Teaching at almost one-in-seven secondary schools is weak, inspectors have found in evaluations over the past three years.
Figures from almost 200 inspections since 2010 show that weaknesses outweigh strengths in teaching at between 11% and 15% of the schools visited, although it is unclear if the figure improved or not over the period.
The Department of Education said that only a tiny minority of these schools were identified as having significant weaknesses, a category in which teaching is ineffective or requires significant improvement.
The data emerged from preliminary analysis of second-level whole school evaluations (WSEs) presented by chief inspector Harold Hislop to the conference of the Association of Community and Comprehensive Schools (ACCS) last night.
A department spokes-person said: “Just 60 out of 4,000 schools would be considered so significantly weak that they have had to be referred to the department’s school improvement group [SIG] in the last three years.”
The SIG works with schools where significant weaknesses have been found in the quality of teaching and learning, leadership and management, meeting statutory requirements or in a combination of these areas. The figures released by Dr Hislop will be updated with a more detailed report in May.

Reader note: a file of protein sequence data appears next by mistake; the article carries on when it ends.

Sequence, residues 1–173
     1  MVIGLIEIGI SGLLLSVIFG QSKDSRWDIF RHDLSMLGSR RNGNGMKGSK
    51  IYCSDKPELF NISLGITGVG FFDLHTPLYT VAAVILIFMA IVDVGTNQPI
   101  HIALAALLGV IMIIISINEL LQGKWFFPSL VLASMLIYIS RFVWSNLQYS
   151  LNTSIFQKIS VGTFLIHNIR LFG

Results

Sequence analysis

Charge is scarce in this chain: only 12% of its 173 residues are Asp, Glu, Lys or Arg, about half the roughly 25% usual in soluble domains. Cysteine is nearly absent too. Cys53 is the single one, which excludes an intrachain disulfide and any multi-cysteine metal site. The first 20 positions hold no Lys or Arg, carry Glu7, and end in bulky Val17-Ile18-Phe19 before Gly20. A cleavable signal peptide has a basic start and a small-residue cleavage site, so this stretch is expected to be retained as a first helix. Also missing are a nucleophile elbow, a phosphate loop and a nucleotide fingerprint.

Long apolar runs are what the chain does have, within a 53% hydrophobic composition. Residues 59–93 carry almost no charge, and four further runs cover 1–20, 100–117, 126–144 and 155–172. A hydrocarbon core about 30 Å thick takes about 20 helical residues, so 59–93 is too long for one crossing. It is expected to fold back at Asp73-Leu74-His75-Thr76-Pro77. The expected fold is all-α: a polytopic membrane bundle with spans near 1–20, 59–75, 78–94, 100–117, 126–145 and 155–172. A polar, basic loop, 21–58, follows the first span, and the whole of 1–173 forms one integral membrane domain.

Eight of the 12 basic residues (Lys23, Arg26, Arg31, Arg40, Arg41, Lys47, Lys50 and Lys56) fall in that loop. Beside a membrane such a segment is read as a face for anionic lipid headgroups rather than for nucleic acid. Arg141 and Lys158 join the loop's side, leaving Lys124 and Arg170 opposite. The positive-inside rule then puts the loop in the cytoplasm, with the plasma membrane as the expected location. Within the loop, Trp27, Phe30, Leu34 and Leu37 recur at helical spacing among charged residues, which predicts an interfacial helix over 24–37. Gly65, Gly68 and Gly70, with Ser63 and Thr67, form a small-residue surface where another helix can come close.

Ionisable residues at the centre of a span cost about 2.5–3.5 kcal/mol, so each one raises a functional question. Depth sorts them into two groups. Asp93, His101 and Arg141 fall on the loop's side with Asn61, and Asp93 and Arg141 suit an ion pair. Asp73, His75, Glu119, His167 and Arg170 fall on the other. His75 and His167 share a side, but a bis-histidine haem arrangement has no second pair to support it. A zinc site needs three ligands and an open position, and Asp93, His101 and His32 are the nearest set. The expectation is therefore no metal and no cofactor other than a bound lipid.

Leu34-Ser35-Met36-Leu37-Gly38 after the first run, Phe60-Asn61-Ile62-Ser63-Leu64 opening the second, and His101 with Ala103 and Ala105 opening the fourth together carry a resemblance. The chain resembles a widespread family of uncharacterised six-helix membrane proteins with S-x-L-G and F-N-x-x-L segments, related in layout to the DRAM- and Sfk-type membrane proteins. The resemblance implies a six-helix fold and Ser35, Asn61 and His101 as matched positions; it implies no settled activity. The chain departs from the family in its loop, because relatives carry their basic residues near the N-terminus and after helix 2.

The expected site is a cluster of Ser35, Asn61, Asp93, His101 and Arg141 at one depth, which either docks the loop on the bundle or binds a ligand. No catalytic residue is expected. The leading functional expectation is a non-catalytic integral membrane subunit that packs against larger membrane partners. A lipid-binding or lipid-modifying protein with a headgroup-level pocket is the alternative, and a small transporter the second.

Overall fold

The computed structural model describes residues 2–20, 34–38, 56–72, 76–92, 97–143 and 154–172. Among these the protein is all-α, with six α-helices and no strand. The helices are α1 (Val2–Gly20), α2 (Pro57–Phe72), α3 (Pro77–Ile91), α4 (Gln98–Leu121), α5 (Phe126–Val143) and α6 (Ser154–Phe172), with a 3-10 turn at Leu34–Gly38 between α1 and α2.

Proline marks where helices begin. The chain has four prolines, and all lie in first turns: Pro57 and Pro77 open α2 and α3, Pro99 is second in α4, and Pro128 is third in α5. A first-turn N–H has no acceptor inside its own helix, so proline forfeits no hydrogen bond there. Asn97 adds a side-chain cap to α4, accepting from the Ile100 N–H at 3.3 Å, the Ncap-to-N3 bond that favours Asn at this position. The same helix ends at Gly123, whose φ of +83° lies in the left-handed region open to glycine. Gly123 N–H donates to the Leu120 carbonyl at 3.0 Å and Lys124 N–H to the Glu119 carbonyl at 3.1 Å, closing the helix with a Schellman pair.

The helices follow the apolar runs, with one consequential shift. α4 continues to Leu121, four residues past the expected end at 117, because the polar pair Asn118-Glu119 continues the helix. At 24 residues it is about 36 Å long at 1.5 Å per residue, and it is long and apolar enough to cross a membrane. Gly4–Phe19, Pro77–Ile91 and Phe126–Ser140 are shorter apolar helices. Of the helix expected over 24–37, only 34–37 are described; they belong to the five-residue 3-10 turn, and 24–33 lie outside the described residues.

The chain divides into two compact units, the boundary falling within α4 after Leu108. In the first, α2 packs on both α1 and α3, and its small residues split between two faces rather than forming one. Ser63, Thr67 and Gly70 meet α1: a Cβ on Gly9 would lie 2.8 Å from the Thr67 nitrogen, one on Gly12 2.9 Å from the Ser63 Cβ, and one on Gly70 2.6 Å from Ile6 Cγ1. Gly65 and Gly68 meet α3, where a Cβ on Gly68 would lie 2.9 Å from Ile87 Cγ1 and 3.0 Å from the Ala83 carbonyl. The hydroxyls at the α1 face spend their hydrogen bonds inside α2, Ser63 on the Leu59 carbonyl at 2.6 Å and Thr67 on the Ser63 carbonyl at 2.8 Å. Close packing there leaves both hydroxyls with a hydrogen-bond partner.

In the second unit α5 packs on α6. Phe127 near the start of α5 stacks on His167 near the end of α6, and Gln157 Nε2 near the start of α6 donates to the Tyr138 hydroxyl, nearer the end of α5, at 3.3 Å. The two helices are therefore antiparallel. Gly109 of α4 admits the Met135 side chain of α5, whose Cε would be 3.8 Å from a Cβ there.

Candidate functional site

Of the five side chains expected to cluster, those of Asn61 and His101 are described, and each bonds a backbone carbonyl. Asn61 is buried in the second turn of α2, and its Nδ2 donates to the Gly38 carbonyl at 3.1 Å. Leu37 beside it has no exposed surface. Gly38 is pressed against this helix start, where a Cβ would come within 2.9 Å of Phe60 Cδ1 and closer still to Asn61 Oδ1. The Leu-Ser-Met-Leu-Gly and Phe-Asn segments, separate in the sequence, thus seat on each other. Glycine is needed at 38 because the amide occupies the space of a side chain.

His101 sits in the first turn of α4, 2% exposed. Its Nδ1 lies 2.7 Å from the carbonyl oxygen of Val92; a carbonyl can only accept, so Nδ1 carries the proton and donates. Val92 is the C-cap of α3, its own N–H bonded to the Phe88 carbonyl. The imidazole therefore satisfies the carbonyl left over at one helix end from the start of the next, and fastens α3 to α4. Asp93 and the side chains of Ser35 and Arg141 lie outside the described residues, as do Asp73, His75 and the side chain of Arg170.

They also show that between 9% and 13% of the 193 schools were found to have more weaknesses than strengths in their management.
Dr Hislop said the issues that are regularly raised by inspectors about teaching in their reports refer to overuse of exam material or teacher talk, student engagement and classroom management, the need for written feedback, and consistent practice on the setting and monitoring of homework.
Inspectors found strengths outweigh weaknesses in teaching and management at least 85% of schools, which reflects high satisfaction rates among students and their parents.
More than 90% of the 8,680 parents who completed inspectors’ questionnaires at 78 second-level schools last year said they are happy with their children’s schools and their children feel safe and looked after there.
However, questioned about how bullying is dealt with in their schools, two thirds of parents and 70% of the 12,900 surveyed students were satisfied. The inspectorate believes that further investigation is needed on the fact that nearly one-in-four parents and one-in-five students answered “don’t know” to the question about bullying.
The chief inspector also outlined varying views of his staff, with one teacher saying many of them despair at the lack of collegiality displayed by some inspectors.
“It is commonly felt that the lack of practical advice and praise is demoralising for an already demoralised profession who are doing their best to cope with pay cuts, larger classes, less resources, less SNA support and the inclusion of a wide range of [special education] and English-as-a-second-language pupils in mainstream classes,” the teacher said.
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